- Minimal focused breathing
- Protection against dust, splashes and stains
- Teleconverter compatibility
- The tripod leg is not compatible with Arca.
3. Sigma 14mm F/1.8
This is a wide-angle lens designed for Nikon cameras with full-frame sensors. The ultra-wide lens offers a 24mm equivalent focal length in 35mm format.
It has a large maximum aperture of f/1.8, making it ideal for astrophotography, nightscapes and low-light indoor photography.
It is the best ultra-wide angle lens for Nikon FX DSLR cameras that gives you a new dimension of visual experience. It offers outstanding optical performance and provides beautiful bokeh effects with control over light streaks so you can create images that are out of this world!
It is the first lens in the world to achieve the highest level of image quality in terms of sharpness and bokeh while providing a large maximum aperture of f/1.8 throughout the focal length range, making it an ideal choice for landscape photography, astrophotography, studio work and indoor sports where fast shutter speeds are required.
It can produce dramatic images with exaggerated perspectives, particularly suitable for architectural photography. The large aperture captures plenty of light for good low-light performance, and the Hyper Sonic Motor (HSM) ensures quiet, fast autofocus action. Super multi-layer lens coating reduces flare and ghosting to produce precise, high-contrast images.
There is a prime wide-angle lens designed for Nikon FX-format digital SLR cameras. It captures images with a viewing angle similar to human vision. It offers the largest aperture available in any full-frame compatible lens, making it ideal for low-light shooting and artistic effects.
- Excellent in low light.
- Suitable for both photos and video.
- Excellent build quality.
- It’s worth the price.
- Excellent, bright aperture.
- Extremely sharp.
- Incredible brightness.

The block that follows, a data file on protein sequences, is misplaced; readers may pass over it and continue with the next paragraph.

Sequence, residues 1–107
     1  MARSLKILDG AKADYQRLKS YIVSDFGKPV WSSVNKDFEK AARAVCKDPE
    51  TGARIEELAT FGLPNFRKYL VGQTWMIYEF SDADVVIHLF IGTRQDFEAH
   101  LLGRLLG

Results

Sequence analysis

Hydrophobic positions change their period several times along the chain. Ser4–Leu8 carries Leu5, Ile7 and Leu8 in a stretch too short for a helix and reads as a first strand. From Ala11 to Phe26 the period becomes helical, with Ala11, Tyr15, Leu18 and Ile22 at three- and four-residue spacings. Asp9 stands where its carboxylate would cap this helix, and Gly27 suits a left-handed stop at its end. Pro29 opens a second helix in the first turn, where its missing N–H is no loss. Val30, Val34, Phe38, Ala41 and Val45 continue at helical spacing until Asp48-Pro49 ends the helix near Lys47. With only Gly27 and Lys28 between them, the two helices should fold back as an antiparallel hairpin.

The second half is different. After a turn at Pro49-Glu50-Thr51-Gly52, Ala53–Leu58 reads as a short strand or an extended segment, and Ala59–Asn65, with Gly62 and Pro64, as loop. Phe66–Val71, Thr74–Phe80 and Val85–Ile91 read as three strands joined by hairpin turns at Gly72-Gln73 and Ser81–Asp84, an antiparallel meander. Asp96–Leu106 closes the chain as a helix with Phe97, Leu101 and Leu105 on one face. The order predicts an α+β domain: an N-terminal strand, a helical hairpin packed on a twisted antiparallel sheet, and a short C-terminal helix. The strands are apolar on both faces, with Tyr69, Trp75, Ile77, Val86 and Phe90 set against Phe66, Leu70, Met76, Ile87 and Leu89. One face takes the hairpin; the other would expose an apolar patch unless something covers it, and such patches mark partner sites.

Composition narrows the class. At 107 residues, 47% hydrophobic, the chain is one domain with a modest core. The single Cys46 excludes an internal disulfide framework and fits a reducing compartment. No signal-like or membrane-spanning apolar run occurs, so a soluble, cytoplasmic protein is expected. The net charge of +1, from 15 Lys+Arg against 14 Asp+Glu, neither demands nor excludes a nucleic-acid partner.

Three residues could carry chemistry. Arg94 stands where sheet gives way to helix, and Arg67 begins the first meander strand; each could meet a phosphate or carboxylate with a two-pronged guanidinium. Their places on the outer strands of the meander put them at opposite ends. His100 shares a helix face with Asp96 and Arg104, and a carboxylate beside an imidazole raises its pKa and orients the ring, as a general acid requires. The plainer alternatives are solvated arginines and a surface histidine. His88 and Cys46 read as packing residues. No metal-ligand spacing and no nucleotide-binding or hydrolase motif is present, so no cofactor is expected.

- Some distortion.
- Some barrel distortion.
- Visible flares.
4. TOKINA ATX-i 11-16mm f/2.8
The wide-angle lens for Nikon DX-format DSLR cameras provides a unique perspective only possible with a lens and captures images with an extended field of view, dramatic barrel distortion and exaggerated perspective – perfect for landscape photography and architecture, and especially for astrophotography.
It is an ultra-wide-angle, fast-aperture zoom lens designed to cover popular APS-C format digital SLR cameras with smaller image sensors. With an equivalent focal length range of 16mm – 26.5mm, this lens is ideal for shooting landscapes, cityscapes and architecture, as well as astrophotography.
It is the best Nikon lens for astrophotography because of its wider field of view, and it can be used with cameras with APSC and FX sensors.
The lens features two aspherical elements to minimize distortion and chromatic aberration, and two super low dispersion elements to reduce color fringing and spherical aberration while maintaining high resolution across the entire image area.
The fast maximum aperture of f/2.8 enables low-light shooting and provides shallow depth of field and beautiful background blur effects. This lens has a one-touch focusing mechanism that allows you to switch between AF and MF by simply moving the focus ring forward.
It features two aspherical elements, two super low dispersion elements and an ultra multi-layer coating that dramatically reduces chromatic aberration throughout the zoom range.